Home > Journals > Minerva Medica > Past Issues > Minerva Medica 2001 February;92(1) > Minerva Medica 2001 February;92(1):13-8





A Journal on Internal Medicine

Indexed/Abstracted in: Current Contents/Clinical Medicine, EMBASE, PubMed/MEDLINE, Science Citation Index Expanded (SciSearch), Scopus
Impact Factor 1,236




Minerva Medica 2001 February;92(1):13-8

language: Italian

Pseudothrombocytopenia. Clinical comment on 37 cases

Bragagni G., Bianconcini G., Brogna R., Zoli G.


Background. Pseudothrombocytopenia (PTCP) is characterized by in vitro EDTA-, pH-, temperature- and time-dependent clumping which gives rise to spurious piastrinopenia at platelet count in automatized analyzers. It is caused by serum immunoglobulins recognizing some cryptoantigens on the platelet surface membrane. Aim of this study was to evaluate the prevalence of PTCP in a series of patients and its clinical significance.
Methods. From all the inpatients, in Internal Medicine Division, during 29 months, we have considered as PTCP the thrombocytopenias persistent in EDTA and contemporaneously, missing with ACD at the automatized counter, after microscopic examination. Then we estimated: PTCP rate in regard to all patients, sex, age and morbid associations both in PTCP group and in all patients. These frequences were compared with the c-square test. Results. 37 cases of PTCP are observed from a cohort of 2922 inpatients (1.26%): 23 were males, 17 females; median age was 73.7±11.2. The frequency of the following associations was significantly higher in the PTCP group: solid tumors in 9/37 (24.3%), myelo- and lymphoproliferative syndromes in 7/37 (18.9%), autoimmune disease in 4/37 (10.8%).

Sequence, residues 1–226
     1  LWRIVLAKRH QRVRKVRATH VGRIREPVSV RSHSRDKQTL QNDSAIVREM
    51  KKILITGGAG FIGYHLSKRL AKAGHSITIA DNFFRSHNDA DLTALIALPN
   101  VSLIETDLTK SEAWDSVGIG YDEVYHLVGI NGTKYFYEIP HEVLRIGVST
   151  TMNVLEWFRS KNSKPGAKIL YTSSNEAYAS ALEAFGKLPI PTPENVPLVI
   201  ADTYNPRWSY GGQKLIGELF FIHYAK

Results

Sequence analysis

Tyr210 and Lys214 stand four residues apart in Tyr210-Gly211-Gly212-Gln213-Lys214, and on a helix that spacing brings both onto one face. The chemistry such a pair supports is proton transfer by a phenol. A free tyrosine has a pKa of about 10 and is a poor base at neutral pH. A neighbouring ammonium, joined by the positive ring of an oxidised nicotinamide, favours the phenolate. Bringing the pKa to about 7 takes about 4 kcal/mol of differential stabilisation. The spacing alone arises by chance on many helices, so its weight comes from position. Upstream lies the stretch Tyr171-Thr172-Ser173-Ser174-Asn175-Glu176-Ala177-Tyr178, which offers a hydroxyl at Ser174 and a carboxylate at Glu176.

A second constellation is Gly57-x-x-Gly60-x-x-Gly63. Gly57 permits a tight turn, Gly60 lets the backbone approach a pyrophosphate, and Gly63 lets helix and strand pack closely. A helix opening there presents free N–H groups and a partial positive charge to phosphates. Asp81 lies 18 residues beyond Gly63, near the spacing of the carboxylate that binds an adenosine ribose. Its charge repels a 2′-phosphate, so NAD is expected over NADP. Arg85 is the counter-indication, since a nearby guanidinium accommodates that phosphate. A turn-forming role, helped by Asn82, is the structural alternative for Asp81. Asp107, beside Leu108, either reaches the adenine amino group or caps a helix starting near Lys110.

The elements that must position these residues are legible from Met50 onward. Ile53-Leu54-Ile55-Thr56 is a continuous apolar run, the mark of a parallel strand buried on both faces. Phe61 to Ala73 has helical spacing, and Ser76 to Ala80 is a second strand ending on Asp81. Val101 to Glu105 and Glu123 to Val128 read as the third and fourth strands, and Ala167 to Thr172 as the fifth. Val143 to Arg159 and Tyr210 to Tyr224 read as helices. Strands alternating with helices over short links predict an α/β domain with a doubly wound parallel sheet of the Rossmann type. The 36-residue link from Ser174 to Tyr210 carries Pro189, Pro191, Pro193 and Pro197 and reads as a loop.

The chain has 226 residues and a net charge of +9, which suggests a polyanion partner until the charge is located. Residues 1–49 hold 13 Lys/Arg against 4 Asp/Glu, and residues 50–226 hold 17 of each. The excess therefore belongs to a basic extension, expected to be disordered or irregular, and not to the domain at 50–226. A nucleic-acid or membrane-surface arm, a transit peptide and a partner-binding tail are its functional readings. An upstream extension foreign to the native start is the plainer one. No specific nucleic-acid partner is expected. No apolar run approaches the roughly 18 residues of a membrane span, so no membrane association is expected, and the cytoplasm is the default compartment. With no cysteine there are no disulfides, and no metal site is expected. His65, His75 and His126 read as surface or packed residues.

Conclusions. This study suggests that PTCP is one of the more frequent thrombocytopenias: it is important to identify it, to avoid clinical and therapeutic mistakes. Moreover PTCP, in our study, is often correlated with important diseases. We can conclude that in hospitalized old patients, PTCP could represent a signal to search more severe illnesses.

top of page

Publication History

Cite this article as

Corresponding author e-mail